# Calculating return required

In the first exam of the Schweser 2013 practise exams, first exam, question 1 it asks to calculate the return required.

In the answers, they don’t take the first year of expenses out of the portfolio sum before calculating the return required.

It would seem to me that you need to hold that amount as cash in your portfolio, and would calculate the return required on what is left and what is investable in the portfolio.

Any commentary would be appreciated. Usually when I’m wrong, I can find where the explanation is coming from but on this one I still disagree.

Also, in the next part of the question, Q2. It asks how much cash the portfolio should hold. The portfolio needs more than 5% cash to pay for expenses in the first year, but the ‘correct’ answer is holding 0-5% cash. (need 5.02%)

Does anybody find this kind of thing often? They’re not really major problems but am wondering what anybody has to say about it, I HATE discrepencies between what I’m doing and the answer book!

I just took the exam. I didn’t even attempt the return calculation. I mean there’s no fun in putting these question vaguely and testing candidates. It’s really dumb.

But I’m just saying because I managed on 56% in the am.

Pm was still ok and I managed 73%. Sorry that I don’t have answer to your question.

I wanted to know why did they consider the gift as tax free in question 6 - in the relative value formula. Shouldn’t 30% tax be used in the formula?

And did you find the exam difficult?

Did you mean in question 7? I didn’t get a hold of any of question 7, I thought they were talking about the benefits of gifting the entire inheritance straightaway (2 mil apiece) which was why they pointed out core capital and excess capital.

Big swing and a miss! BUT the 15,000 gift was tax free because a gift under 15,000 is tax-free (that information is in the question but I’m not sure why it was only 15,000 it doesn’t seem clear to me even after knowing that).

Well this is the second AM exam I’ve done, I’ve found that some things I need to elaborate on a bit more. All in all I found this one a lot better than the last one I did but I’m not sure how I’d go hazarding a guess at an actual mark. The last one I did was a slaughter though, I think after doing a LOT of questions this month, I should be able to see what information they are looking for in the AM questions, similar to what it was like getting used to all the questions originally.

I guess even though you might be comfortable knowing the information, applying it in the way that the CFA wants you to is a part of the testing process for yourself, before exam day and on exam day to make sure you’re thinking the way they want you to.

I haven’t done the PM yet but I’d be pretty happy with a 73%!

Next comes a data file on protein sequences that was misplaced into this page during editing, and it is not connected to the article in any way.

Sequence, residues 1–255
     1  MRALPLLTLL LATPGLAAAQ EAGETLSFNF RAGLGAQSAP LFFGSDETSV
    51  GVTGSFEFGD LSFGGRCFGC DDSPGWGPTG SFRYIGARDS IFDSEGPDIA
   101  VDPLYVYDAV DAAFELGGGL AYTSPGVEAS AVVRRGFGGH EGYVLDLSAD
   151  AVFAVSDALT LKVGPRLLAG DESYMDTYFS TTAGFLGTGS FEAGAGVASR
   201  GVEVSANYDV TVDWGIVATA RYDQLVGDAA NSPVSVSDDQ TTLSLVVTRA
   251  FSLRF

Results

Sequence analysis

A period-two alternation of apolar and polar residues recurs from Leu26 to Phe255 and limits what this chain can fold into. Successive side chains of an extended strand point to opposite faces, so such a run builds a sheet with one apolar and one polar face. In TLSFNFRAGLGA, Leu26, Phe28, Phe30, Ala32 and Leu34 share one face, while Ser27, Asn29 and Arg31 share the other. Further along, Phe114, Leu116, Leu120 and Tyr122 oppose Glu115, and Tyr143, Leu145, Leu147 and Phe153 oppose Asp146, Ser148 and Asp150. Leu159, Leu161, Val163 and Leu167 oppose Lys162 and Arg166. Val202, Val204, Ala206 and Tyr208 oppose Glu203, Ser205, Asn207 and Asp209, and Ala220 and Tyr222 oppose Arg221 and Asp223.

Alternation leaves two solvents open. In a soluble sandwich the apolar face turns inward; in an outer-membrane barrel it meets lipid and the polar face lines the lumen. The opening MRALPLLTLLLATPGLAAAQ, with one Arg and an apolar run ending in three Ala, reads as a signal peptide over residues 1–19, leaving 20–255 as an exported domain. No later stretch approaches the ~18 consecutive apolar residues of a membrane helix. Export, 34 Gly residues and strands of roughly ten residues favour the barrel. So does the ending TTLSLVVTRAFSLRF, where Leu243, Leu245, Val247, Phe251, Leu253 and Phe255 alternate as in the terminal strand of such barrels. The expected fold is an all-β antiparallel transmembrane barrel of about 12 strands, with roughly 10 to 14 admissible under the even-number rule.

Not that I agree with the following philosophy, but I think this is what CFAI expects:

Reserve cash only for one-time sure expenses like a surgery in 3 months. Otherwise go ahead and exhibit overconfidence bias and assume that the portfolio will actually realize the expected return using the total return metric (i.e. not just cash from dividends and income but also capital gains).

Also remember to take out PV of anything they give, e.g. if PV college expenses is \$100,000 and the client has a strong desire to pay for college, just subtract \$100,000 from the portfolio right away.

Cheers for the reply, so you think that CFAI expect you to take one-time expenses out of the portfolio amount, but do NOT take out living expenses for the year? (that is what the answer book is telling me to do)

That just doesn’t make any sense to me, you can’t invest your living expenses the year that you need them?? Or do we assume that the investment provides enough yield, at the right times to pay for expenses? It’s a pretty flawed assumption IMO so I wouldn’t mind a clarification… Do you agree with the statement, ‘do NOT subtract yearly expenses from the value of the portfolio until AFTER the year has finished’?

I don’t know what your last statement means, exactly.

The portfolio WILL earn first year’s expenses and keep its real value, i.e. also earn more to cover inflation.

If the portfolio is \$1M and first year’s expenses are \$40K and inflation is 3%, it WILL earn 7% and in real terms, equal \$1M (or in nominal terms, \$1,030,000) at the end of the year.

Do not start with a portfolio of \$960K by subtracting \$40K at the beginning of the year.

Common sense does not enter into this equation until after the exam.

Haha yeah that is cleared up cheers. I wanted to start with a portfolio of 960k.